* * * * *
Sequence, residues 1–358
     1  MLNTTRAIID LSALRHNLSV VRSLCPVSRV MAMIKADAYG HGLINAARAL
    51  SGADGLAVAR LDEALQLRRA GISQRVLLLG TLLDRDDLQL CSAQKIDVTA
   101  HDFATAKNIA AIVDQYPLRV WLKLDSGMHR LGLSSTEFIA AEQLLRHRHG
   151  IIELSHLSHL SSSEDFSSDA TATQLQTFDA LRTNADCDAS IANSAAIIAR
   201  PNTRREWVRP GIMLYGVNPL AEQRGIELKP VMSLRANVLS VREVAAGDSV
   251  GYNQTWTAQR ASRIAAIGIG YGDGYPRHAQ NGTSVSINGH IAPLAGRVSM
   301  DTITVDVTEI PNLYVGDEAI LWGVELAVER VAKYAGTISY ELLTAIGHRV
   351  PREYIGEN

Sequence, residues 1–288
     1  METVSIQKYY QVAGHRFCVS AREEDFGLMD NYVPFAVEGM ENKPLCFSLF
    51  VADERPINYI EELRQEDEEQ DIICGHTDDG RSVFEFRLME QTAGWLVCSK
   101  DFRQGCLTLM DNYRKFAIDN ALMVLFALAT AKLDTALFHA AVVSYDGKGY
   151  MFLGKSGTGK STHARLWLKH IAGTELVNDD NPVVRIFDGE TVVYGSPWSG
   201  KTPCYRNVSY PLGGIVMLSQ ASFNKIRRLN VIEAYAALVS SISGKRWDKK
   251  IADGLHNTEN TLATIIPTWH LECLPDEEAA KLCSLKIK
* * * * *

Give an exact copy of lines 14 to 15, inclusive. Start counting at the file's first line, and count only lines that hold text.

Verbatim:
   151  MFLGKSGTGK STHARLWLKH IAGTELVNDD NPVVRIFDGE TVVYGSPWSG
   201  KTPCYRNVSY PLGGIVMLSQ ASFNKIRRLN VIEAYAALVS SISGKRWDKK